These events occurred on Tuesday the 7th of January, 2020. Jonas and I took a cruise down the Irrawaddy River from Mandalay to Nyaung-U (near Old Bagan) in Myanmar. At the bottom of this article, you can find information on how to book this trip yourself.
Finding the Irrawaddy River Cruise
Before we’d left Chiang Mai, we had to decide where we’d go after Mandalay. In Mandalay, the road to Yangon forks in two paths: to the temples of Old Bagan or to Inle Lake. Both are popular tourist destinations in Myanmar that can later lead to Naypyitaw – Myanmar’s brand-new capital city. We certainly knew we wanted to go to Naypyitaw.
As we hadn’t visited that many temples in Thailand, we weren’t suffering from temple fatigue—yet. A lake is a lake is a lake, so Inle Lake didn’t really speak to our imagination. The deciding factor was that both Mandalay and Old Bagan hug the Irrawaddy (ဧရာဝတီမြစ်) river; Myanmar’s longest river and, in colonial times, the original road to Mandalay. As you might know, we’re big fans of rivers and have kayaked halfway down the Danube in 2019. To say that we missed being on rivers was an understatement.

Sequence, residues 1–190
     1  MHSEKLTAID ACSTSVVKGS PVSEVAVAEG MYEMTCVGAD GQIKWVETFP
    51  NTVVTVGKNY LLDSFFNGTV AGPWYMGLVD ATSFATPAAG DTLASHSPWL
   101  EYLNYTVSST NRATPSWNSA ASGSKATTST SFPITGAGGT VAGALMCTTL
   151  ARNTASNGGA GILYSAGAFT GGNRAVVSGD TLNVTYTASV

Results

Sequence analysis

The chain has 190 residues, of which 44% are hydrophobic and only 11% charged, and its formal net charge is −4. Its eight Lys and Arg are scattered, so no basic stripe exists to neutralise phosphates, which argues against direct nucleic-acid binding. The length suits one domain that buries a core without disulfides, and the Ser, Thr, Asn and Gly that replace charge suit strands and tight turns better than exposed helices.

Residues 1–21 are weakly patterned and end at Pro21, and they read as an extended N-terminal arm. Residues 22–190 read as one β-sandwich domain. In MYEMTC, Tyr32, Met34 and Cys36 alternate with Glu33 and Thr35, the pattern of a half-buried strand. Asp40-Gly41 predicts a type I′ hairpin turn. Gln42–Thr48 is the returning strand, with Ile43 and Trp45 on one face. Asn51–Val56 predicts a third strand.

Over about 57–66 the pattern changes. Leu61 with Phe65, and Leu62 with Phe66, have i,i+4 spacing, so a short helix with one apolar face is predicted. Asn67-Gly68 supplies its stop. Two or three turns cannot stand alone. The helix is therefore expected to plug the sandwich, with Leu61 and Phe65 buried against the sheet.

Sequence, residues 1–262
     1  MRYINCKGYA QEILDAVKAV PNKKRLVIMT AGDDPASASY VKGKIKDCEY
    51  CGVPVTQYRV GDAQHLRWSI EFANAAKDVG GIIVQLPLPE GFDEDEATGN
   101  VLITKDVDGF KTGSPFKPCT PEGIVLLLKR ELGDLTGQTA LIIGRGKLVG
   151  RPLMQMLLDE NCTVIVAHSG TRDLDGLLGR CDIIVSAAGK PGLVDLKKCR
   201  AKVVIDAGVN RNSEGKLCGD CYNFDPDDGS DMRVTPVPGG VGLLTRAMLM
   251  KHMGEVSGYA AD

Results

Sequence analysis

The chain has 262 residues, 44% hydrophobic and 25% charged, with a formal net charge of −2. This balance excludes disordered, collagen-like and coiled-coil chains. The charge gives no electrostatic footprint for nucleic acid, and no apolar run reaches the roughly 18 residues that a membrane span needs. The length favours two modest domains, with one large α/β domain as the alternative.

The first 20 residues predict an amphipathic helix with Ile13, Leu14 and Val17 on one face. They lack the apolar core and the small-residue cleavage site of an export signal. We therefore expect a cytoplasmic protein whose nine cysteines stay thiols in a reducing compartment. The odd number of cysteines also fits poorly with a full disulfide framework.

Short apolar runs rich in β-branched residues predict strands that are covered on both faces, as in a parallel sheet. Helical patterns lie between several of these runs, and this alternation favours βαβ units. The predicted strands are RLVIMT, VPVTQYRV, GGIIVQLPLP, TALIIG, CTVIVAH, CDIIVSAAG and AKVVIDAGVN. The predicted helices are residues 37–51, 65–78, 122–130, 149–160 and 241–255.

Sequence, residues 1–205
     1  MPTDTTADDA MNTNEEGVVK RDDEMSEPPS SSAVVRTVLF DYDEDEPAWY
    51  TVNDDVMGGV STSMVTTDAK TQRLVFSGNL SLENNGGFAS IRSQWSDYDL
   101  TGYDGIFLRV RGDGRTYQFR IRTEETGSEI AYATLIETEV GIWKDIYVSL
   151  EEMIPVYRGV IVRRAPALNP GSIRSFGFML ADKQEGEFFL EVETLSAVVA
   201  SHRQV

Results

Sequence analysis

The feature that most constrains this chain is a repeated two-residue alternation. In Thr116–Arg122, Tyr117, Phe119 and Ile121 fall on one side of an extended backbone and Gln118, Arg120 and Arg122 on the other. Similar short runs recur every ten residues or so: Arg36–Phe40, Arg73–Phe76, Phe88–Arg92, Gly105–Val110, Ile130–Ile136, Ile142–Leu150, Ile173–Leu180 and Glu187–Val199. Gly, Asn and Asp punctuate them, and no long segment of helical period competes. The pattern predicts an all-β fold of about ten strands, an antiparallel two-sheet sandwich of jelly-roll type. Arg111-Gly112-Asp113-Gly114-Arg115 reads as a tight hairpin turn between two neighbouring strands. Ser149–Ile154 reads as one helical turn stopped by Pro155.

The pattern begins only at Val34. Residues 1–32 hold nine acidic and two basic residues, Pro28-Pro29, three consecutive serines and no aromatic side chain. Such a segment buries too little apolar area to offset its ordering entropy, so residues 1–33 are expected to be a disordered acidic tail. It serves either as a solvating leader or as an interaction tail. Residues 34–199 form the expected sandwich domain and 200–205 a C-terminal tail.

Searching for a ferry yielded no results. Even though we don’t really like cruises, we began Googling for one. There were many Irrawaddy river cruises that charged well in the four-digit numbers. Even the loathed Avalon river cruises; a company that uses the word “exotic” ironically. We first encountered this adversary on the Danube river in Regensburg.
Then we found one for €76 for two people that would arrive from Mandalay to Bagan on the same day. It would leave from the Gaw Wein jetty at 6:45 in the morning and arrive in Nyaung-U something between 9 and 12 hours later. We bought the tickets two and a half weeks in advance and then booked our accommodations in Mandalay and Nyaung-U. The price to travel upstream from Bagan to Mandalay was much cheaper at about €28 since it wouldn’t include a stop along the way.
The Gaw Wein Jetty in Mandalay
On the morning of departure, we just had to slide into our comfy clothes and put our backpacks on. It was our fifth day in Myanmar. Our hotel had prepared us some takeaway breakfast since it was so early. We said goodbye to the staff of the Royal Yadarnabon hotel and got into our Grab car to the Gaw Wein jetty.